Feel anxious? Mental health experts reveal how to build a ‘mental gym’

If you feel particularly concerned about the state of the world, you are not alone.

While it’s important to figure out what can be done to alleviate these stressors at their root, you also can’t do this work if you’re burnt out.

The 2022 Stress in America Survey, an annual report by the American Psychological Association, captured a wide range of heightened fears and anxieties. Eighty-one percent of respondents cite “global uncertainty” as the main source of stress, and levels of money-related stress are the highest since 2015. Seventy-three percent say they feel overwhelmed by the number of crises around the world, with 63% reporting that their life has been “changed forever” by Covid-19.

Meanwhile, a recent American Psychiatric Association poll found that 51% of Americans are worried about how climate change will affect future generations.

Along with these concerns, new anxieties are being raised about our new normal, such as returning to in-person work and hiding confrontations.

There are steps you can take to reduce your anxiety just before you encounter a trigger and at the time of the confrontation. Some of these overlap with what you can do more generally to increase your ability to manage your worries.

Integrating mindfulness is key at every step, says Kate Sweeny, professor of psychology at the University of California, Riverside. Mindfulness involves paying attention to the present moment, being aware of your thoughts and feelings, and using that awareness to manage those emotions without judgment.

Sweeny tells me that even a brief mindfulness exercise can be helpful in calming the mind, preparing it for a “less reactive and more productive response to stress”, managing stress in the moment, and developing a higher stress threshold and of anxiety.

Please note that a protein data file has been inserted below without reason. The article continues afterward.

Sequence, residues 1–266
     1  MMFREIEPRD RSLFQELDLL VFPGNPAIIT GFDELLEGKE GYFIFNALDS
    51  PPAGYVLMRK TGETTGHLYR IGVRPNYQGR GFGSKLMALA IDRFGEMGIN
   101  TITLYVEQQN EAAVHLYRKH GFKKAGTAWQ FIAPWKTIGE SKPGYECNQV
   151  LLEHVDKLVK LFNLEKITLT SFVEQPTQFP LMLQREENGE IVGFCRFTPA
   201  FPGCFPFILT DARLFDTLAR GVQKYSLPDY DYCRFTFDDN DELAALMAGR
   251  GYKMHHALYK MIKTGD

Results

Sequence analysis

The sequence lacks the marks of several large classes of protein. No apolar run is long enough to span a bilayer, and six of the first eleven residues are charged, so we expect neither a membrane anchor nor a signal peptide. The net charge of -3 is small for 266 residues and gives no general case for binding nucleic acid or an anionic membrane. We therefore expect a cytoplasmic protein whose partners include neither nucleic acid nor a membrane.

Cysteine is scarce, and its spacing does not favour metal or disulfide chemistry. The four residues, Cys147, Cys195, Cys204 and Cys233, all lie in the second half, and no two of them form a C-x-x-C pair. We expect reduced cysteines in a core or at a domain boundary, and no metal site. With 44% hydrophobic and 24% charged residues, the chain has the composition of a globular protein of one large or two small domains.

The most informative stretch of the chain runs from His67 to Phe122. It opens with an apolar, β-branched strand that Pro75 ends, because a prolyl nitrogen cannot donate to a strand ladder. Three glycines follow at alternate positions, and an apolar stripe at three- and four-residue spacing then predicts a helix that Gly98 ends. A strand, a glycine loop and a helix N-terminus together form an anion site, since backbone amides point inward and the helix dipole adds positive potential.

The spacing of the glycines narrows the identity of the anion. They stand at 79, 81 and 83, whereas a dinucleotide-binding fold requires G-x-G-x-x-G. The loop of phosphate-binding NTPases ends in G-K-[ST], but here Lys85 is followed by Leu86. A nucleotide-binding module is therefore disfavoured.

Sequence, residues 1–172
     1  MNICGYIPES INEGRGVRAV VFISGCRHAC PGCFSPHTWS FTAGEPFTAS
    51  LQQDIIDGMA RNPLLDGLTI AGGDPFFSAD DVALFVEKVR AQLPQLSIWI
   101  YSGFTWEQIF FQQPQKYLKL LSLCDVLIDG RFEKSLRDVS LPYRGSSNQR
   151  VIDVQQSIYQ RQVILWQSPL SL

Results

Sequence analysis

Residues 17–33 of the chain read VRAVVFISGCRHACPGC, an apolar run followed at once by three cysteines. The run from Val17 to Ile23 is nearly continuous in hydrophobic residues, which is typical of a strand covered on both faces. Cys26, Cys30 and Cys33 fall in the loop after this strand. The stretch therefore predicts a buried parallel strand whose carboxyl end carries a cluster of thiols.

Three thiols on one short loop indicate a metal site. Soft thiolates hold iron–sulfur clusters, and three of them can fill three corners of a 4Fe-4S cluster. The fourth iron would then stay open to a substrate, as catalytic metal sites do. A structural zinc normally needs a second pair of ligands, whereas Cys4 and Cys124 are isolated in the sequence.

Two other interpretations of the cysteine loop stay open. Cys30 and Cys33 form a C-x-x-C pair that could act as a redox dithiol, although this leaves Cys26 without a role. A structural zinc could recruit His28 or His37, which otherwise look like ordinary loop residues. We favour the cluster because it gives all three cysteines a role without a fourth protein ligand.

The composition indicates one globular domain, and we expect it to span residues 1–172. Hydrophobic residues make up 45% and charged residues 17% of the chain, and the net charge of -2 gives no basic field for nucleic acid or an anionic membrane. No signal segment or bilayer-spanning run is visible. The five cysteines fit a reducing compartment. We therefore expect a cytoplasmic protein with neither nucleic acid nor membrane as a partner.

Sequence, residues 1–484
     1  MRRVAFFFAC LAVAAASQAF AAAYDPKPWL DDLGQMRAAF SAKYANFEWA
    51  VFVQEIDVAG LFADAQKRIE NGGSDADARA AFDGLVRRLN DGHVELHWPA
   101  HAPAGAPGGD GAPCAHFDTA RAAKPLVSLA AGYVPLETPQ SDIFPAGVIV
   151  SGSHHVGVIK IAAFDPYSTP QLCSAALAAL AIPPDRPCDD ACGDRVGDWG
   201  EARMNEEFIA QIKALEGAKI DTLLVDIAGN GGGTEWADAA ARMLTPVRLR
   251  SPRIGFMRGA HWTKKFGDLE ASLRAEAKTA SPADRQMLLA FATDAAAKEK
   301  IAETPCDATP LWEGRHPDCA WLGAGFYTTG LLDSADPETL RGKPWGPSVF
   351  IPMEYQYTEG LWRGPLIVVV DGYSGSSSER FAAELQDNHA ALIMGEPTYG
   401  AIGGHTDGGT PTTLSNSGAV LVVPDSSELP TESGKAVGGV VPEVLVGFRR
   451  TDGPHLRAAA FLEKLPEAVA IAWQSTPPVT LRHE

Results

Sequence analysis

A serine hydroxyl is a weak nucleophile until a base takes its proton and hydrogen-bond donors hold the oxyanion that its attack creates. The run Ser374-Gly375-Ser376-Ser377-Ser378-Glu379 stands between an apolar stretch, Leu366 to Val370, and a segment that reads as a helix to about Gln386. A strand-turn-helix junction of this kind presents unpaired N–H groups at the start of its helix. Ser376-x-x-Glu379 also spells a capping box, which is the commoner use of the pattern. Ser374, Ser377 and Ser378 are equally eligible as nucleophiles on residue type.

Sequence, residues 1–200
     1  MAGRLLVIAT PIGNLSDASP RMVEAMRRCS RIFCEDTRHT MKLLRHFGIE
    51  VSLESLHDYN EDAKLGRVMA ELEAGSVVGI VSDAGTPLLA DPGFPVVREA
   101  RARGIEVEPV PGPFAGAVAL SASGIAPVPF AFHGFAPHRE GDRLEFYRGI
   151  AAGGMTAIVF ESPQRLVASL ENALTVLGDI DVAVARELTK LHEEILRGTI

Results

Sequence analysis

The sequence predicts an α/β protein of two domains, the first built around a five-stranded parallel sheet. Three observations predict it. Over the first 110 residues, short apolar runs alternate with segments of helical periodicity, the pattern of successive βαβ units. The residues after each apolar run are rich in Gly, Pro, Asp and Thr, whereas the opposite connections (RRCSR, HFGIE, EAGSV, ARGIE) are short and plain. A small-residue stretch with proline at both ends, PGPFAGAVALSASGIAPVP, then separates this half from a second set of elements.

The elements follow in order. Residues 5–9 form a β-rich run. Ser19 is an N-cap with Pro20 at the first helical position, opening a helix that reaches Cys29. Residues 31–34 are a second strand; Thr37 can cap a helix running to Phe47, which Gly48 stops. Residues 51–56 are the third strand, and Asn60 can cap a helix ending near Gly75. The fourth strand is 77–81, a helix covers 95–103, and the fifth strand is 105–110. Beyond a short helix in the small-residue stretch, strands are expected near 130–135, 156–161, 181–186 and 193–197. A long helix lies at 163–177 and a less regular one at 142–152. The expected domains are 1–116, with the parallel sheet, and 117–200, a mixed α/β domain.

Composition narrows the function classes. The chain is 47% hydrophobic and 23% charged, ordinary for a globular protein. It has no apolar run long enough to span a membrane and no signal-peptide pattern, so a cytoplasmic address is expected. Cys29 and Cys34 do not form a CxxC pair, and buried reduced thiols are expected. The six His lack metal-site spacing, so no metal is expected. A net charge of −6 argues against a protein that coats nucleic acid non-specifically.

“I like the idea of ​​mindfulness like going to the ‘mental gym,'” Sweeny says.

“Practicing repeatedly builds strength and resilience, but even practicing in the moment can metaphorically ‘pump up’ our muscles and give us a boost of calm.”

What to do before encountering what makes you anxious

Even a brief mindfulness exercise can help calm the mind.Getty Images

Maybe it’s an hour before an encounter you’re dreading, maybe it’s before you read the news. We all experience the moments of stomach ache that precede an anxiety-provoking event. Sometimes we can feel anxious about anxiety.

In the moments before you encounter what makes you anxious, it’s helpful to ask yourself what’s the best, worst, and most likely scenario that could result from the experience, says therapist Alyssa Mancao. Because anxiety often causes us to focus on the worst-case scenario, asking yourself these questions can shift your perspective, she explains.

Repeating an uplifting affirmation can also help, Mancao says, as can practicing deep breaths.

Celeste Viciere, also a therapist, recommends deep breathing and describes it as an “underappreciated powerful tool”. She says simply setting aside two minutes to breathe can help.